Study Shows Colonoscopy Misses 4% of Cancers

Patients Can Help Improve Accuracy of Colon Test

From the WebMD Archives

Aug. 30, 2004 -- Colonoscopy is currently considered the best way to screen for and detect colon cancer, which is the second leading cause of cancer-related deaths in the U.S. and Canada. And while the test flags the vast majority of colon cancers, it's not perfect.

Four percent of cancers on the right-hand side of the colon are not detected by colonoscopy, according to a Canadian study published in the journal Gastroenterology. Researchers specifically looked at cancer on the right side of the colon because that is where it occurs most.

It's probably not a technological flaw, say researcher Linda Rabeneck, MD, MPH, a senior researcher associated with the Cancer Quality Council of Ontario, Canada, and colleagues. More likely, the problem is less-experienced doctors, incomplete exams, and/or improper patient preparation.

In colonoscopy, patients are sedated while doctors insert a flexible, lighted tube through the rectum allowing doctors to look at the entire colon for abnormalities. The tube is attached to a video monitor and equipment which allows a biopsy to be taken.


Rabeneck and colleagues studied health records of more than 4,900 Canadians diagnosed with colon cancer between 1997 and 2001. All had had at least one colonoscopy within three years before their treatment.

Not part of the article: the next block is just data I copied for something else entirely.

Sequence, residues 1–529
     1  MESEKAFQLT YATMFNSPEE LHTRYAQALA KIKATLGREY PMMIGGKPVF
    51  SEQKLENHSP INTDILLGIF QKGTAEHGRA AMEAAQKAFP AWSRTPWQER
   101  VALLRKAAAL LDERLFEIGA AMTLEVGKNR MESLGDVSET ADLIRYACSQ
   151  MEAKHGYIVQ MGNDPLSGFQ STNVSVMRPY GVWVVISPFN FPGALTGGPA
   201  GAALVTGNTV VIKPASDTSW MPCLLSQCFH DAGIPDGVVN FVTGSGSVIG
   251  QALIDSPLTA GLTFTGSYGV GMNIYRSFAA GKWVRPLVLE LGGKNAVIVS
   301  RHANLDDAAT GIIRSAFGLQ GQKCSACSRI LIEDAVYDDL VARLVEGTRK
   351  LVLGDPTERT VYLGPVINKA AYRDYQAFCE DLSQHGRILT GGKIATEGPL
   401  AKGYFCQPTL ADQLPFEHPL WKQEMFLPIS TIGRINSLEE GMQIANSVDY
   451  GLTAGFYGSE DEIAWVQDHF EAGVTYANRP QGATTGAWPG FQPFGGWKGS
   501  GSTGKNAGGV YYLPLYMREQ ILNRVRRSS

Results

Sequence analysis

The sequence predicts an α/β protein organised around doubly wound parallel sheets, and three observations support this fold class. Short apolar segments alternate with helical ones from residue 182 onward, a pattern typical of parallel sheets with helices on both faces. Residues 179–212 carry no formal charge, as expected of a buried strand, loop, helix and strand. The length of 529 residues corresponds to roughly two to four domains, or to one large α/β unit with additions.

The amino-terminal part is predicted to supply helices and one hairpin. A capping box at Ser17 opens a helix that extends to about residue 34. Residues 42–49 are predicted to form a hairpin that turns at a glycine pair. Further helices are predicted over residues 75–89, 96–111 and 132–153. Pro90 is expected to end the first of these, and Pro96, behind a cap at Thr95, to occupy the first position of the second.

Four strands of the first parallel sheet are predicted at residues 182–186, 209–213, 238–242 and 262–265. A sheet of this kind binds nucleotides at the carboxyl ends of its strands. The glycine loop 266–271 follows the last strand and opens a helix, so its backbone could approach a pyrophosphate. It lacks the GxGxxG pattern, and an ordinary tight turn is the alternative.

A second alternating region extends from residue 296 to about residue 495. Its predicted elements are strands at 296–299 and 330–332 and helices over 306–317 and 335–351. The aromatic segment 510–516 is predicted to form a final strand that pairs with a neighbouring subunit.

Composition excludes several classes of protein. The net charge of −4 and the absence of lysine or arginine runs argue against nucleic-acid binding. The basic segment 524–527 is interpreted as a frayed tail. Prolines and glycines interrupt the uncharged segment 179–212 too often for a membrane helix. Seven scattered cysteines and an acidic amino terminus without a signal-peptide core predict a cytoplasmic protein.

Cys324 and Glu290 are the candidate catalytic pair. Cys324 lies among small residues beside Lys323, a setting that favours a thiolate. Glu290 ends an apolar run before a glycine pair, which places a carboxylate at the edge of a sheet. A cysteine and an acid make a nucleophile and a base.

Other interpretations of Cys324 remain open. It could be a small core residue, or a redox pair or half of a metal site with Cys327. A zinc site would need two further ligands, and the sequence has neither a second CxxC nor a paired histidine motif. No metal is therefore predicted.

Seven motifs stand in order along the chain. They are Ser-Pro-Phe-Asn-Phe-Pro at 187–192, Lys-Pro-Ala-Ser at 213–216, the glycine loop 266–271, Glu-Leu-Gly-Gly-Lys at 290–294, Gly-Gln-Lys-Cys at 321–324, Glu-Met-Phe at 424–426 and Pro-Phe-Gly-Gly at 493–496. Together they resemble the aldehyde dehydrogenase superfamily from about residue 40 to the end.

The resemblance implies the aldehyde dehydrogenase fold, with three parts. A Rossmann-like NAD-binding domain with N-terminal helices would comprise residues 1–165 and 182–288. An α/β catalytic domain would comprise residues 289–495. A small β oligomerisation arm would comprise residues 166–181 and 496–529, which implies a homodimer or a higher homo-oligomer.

In 96% of the cases, colonoscopy detected their colon cancer. But in a few patients -- 4% -- the test missed the cancer.

"It is important that we inform patients who are undergoing colonoscopy that if a cancer is present, there is a small chance that it will be missed," write the researchers.

That's no reason to cancel your colonoscopy appointment. True, few patients look forward to the exam, but it does find almost all cancers, according to Rabeneck's study.

In fact, colonoscopy's accuracy rate beats that of two other standard cancer screening tests: mammography for breast cancer and Pap smears for cervical cancer.

If you're due for a colonoscopy, you may want to look for a practitioner with extensive experience and follow any pretest instructions to the letter. Know that no test is perfect, but remember that colonoscopy is still considered the best method for detecting colon cancer while it can be treated.

WebMD Health News


SOURCES: Rabeneck, L. Gastroenterology, August 2004; vol 127: pp 452-456. The Toronto Globe and Mail. WebMD Health: "Breast Cancer: Understanding Your Mammogram Results." WebMD Health Guide A to Z: "Reliability of Pap Tests."
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